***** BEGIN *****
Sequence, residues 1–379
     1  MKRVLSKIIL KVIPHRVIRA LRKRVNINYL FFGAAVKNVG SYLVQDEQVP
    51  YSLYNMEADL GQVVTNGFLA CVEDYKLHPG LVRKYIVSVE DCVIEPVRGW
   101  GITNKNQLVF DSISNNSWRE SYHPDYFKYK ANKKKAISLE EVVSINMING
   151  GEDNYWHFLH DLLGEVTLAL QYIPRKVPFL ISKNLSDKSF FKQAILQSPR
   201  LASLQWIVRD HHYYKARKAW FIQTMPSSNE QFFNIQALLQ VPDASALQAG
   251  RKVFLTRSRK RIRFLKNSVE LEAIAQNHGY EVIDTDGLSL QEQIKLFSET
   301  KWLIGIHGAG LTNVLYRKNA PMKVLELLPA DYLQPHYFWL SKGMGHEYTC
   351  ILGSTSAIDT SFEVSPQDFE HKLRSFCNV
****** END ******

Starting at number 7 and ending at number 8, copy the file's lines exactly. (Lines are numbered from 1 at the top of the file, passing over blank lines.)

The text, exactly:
   251  RKVFLTRSRK RIRFLKNSVE LEAIAQNHGY EVIDTDGLSL QEQIKLFSET
   301  KWLIGIHGAG LTNVLYRKNA PMKVLELLPA DYLQPHYFWL SKGMGHEYTC